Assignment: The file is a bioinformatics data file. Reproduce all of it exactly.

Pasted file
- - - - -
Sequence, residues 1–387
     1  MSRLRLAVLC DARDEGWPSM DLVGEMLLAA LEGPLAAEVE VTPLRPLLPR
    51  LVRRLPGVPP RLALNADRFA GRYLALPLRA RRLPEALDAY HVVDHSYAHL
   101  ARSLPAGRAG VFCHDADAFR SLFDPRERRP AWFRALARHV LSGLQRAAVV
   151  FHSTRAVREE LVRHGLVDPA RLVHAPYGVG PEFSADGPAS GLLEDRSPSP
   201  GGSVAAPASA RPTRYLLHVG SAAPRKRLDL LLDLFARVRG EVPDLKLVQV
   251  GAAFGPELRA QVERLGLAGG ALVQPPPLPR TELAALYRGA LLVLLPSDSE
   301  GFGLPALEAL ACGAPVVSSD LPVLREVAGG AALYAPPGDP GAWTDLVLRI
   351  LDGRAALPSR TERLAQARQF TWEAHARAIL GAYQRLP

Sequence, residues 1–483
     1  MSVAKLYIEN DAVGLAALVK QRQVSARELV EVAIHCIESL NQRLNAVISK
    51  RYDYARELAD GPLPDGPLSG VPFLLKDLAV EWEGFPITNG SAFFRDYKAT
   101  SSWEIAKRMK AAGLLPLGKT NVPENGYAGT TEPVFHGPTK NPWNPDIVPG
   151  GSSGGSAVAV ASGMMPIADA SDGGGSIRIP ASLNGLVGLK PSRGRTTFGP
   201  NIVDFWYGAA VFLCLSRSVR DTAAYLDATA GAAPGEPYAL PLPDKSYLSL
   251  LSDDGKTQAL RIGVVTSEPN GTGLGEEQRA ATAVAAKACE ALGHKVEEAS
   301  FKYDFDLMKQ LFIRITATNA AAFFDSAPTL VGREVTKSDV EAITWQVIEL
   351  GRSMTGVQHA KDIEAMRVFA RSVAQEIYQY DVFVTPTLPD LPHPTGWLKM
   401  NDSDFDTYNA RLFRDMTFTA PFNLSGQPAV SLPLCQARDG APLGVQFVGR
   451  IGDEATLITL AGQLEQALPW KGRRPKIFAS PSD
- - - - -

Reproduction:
Sequence, residues 1–387
     1  MSRLRLAVLC DARDEGWPSM DLVGEMLLAA LEGPLAAEVE VTPLRPLLPR
    51  LVRRLPGVPP RLALNADRFA GRYLALPLRA RRLPEALDAY HVVDHSYAHL
   101  ARSLPAGRAG VFCHDADAFR SLFDPRERRP AWFRALARHV LSGLQRAAVV
   151  FHSTRAVREE LVRHGLVDPA RLVHAPYGVG PEFSADGPAS GLLEDRSPSP
   201  GGSVAAPASA RPTRYLLHVG SAAPRKRLDL LLDLFARVRG EVPDLKLVQV
   251  GAAFGPELRA QVERLGLAGG ALVQPPPLPR TELAALYRGA LLVLLPSDSE
   301  GFGLPALEAL ACGAPVVSSD LPVLREVAGG AALYAPPGDP GAWTDLVLRI
   351  LDGRAALPSR TERLAQARQF TWEAHARAIL GAYQRLP

Sequence, residues 1–483
     1  MSVAKLYIEN DAVGLAALVK QRQVSARELV EVAIHCIESL NQRLNAVISK
    51  RYDYARELAD GPLPDGPLSG VPFLLKDLAV EWEGFPITNG SAFFRDYKAT
   101  SSWEIAKRMK AAGLLPLGKT NVPENGYAGT TEPVFHGPTK NPWNPDIVPG
   151  GSSGGSAVAV ASGMMPIADA SDGGGSIRIP ASLNGLVGLK PSRGRTTFGP
   201  NIVDFWYGAA VFLCLSRSVR DTAAYLDATA GAAPGEPYAL PLPDKSYLSL
   251  LSDDGKTQAL RIGVVTSEPN GTGLGEEQRA ATAVAAKACE ALGHKVEEAS
   301  FKYDFDLMKQ LFIRITATNA AAFFDSAPTL VGREVTKSDV EAITWQVIEL
   351  GRSMTGVQHA KDIEAMRVFA RSVAQEIYQY DVFVTPTLPD LPHPTGWLKM
   401  NDSDFDTYNA RLFRDMTFTA PFNLSGQPAV SLPLCQARDG APLGVQFVGR
   451  IGDEATLITL AGQLEQALPW KGRRPKIFAS PSD